We were startled when its frame lit up and a loud siren wailed with flashing red lights above the door where he stood.  Some sort of emergency back up power connected to it was still in operation and we took several steps back as the silver door slid out then folded up like a submarine hatch as thick steam seeped out around its edges.  With a hiss, the thick door jolted to a halt, and after a moment of shock, we dared to peek inside.

  A dim blue light pulsated around a sizeable central dome, its edged speckled with polished silver bars.  I was completely baffled, and by the look on Serena's face, so was she.  Haiti ventured to step inside to get a better look at the device, brushing aside the mist of ozone with his hands.  It took him a while to determine a hint of what it might be as he shined his flashlight into every crevice for a clue to how it worked.

  "What is it?" Thorn finally inquired with impatience as he squeezed up next to him.  Haiti tucked his finger under his chin in though for a moment before speaking his mind.

  "Ya know, if ya ask me, I would swear this was a hydrogen generator," he exclaimed, tapping the side of the cone, "and this here is the coil." as it made a metallic 'thunk' similar to a water-filled tank when one of the many silver rings he wore touched the outer plate, "Them there are magnetic coils around the edge," he mentioned while pointing at the polished plates, "when engaged, this thing lifts itself up on a magnetic field so it can spin at high velocity while ionized water is injected from below ...or above, I can't tell which." he corrected himself while standing on his toes to inspect the top of the cone. 

  That could have explained why the system was still powered and there was a transformer array outside the building.  This complex was an energy bank.  However, that analogy still confused us all.

  "I thought hydro was made into a gaseous fuel, not electrical energy." I wondered aloud.  Haiti looked confounded for a brief moment, and then raised his finger as his eyes widened.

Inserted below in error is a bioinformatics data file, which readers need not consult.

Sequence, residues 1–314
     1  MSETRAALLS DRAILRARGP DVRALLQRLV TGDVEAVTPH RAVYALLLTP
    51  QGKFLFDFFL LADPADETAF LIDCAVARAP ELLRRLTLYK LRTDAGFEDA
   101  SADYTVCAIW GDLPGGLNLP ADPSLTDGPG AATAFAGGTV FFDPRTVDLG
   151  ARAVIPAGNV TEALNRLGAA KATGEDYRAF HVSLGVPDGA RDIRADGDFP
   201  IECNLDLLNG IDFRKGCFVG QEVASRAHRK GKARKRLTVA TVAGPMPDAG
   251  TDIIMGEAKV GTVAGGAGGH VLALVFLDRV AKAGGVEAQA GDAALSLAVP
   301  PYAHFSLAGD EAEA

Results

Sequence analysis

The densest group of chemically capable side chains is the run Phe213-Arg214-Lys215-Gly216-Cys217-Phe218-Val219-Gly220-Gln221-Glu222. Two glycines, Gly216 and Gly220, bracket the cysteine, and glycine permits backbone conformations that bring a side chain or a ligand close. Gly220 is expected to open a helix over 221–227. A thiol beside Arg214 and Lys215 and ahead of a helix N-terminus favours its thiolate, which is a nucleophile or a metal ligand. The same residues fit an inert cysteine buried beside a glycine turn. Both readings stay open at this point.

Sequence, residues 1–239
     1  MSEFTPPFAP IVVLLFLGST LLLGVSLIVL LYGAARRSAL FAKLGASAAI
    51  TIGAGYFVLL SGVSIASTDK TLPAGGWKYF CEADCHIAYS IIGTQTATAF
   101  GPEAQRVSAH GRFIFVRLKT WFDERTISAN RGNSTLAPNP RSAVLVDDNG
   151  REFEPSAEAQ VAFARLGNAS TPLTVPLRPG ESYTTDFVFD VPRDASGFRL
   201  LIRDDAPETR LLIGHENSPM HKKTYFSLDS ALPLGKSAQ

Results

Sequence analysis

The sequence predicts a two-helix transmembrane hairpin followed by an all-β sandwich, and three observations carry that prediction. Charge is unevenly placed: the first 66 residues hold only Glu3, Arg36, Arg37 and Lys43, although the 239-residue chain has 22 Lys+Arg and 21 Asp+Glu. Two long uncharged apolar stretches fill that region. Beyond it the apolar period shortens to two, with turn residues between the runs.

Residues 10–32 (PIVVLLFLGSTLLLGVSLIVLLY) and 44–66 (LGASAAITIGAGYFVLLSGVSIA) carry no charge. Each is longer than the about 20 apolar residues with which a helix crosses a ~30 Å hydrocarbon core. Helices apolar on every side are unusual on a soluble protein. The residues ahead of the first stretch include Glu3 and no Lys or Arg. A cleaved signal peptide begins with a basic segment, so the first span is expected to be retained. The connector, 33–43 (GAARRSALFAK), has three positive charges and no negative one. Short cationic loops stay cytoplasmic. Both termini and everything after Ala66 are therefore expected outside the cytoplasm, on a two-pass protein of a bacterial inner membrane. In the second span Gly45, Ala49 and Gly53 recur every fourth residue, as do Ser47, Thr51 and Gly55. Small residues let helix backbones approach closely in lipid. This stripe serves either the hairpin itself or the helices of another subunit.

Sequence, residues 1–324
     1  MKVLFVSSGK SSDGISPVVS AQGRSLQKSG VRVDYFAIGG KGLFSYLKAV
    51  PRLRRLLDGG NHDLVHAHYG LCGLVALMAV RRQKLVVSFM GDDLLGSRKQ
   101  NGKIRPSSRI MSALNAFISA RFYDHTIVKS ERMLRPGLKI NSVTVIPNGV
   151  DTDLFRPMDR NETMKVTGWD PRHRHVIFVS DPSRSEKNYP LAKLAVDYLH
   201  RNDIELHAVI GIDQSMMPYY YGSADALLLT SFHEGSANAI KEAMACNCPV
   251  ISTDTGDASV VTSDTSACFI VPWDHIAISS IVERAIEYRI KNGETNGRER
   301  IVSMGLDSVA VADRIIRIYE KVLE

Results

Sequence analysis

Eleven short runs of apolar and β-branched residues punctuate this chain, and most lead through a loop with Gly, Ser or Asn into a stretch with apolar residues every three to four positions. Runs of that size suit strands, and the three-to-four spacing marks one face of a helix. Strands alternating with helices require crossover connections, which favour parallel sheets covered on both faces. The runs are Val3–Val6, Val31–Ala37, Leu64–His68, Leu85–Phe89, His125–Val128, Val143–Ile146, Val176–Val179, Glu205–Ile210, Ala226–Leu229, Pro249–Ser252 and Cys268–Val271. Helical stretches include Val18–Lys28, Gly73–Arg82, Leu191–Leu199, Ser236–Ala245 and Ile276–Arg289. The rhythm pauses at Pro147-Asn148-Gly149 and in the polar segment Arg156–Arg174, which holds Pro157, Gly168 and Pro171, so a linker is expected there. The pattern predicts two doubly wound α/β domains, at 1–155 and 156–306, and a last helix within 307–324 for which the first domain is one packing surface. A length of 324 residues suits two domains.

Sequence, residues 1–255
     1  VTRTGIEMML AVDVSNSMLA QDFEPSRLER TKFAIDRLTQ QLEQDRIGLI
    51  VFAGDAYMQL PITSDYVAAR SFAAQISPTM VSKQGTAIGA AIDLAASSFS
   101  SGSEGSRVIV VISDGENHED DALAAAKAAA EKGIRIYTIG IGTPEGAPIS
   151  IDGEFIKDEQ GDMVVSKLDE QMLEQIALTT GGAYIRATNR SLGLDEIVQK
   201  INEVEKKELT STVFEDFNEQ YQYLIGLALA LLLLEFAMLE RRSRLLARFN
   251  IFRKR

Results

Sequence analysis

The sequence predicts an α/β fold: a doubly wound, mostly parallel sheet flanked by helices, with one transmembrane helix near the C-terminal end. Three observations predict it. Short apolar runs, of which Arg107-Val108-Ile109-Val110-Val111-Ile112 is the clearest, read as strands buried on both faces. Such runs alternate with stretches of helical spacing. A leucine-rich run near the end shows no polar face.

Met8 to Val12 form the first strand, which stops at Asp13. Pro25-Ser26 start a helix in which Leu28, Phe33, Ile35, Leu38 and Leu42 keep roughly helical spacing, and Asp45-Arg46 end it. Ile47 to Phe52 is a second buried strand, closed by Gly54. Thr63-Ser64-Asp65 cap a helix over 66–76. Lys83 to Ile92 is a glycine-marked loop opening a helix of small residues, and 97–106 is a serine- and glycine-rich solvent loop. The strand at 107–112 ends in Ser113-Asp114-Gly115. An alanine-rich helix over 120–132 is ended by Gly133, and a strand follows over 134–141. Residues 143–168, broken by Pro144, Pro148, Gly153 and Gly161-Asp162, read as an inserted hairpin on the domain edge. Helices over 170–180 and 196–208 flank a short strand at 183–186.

"You're right lass!" he smiled back, "The design of these creates wave energy meant for battery storage, but must have some other secondary purpose." Haiti rattled on, but he still seemed confused about something, since the piping in this room failed to present any answers to where exactly the hydrogen gas was being pumped off too. 

  Any industrial complex with such a dangerously flammable substance would have enormous external silos for storage, but there were none to found in the area.  Given that fact, and that we could not figure out what these large trucks could possibly be hauling in and out of this lower bay.  We knew what we had found was incredibly valuable; the question was, how could we make practical use of it?

  The men mulled over the thought that there might be an underground pipeline sending it off somewhere like a buried gas line.  Fossil fuels had run thin during my adolescence, especially with petroleum, creating a serious energy crisis that peaked every few years and gravely strained the global economies in every nation.  After that period, it seemed like more and more resource wars began to spark worldwide.  Everybody was stuck in their old ways and the corporations that controlled the flow of energy didn't want to take such a large loss on their old investments by going cold turkey and transitioning to new technologies and renewable energy.

BOOK: Broken Mirror: Apophis 2029
2.8Mb size Format: txt, pdf, ePub